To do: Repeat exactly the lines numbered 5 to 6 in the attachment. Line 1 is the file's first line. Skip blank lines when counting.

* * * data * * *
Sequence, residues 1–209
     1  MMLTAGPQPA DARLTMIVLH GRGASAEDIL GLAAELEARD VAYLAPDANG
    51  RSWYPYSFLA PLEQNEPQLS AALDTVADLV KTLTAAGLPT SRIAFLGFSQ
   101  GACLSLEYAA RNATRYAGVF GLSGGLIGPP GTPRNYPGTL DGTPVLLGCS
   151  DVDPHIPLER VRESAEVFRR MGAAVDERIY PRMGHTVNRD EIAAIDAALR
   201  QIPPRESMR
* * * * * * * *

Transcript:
   151  DVDPHIPLER VRESAEVFRR MGAAVDERIY PRMGHTVNRD EIAAIDAALR
   201  QIPPRESMR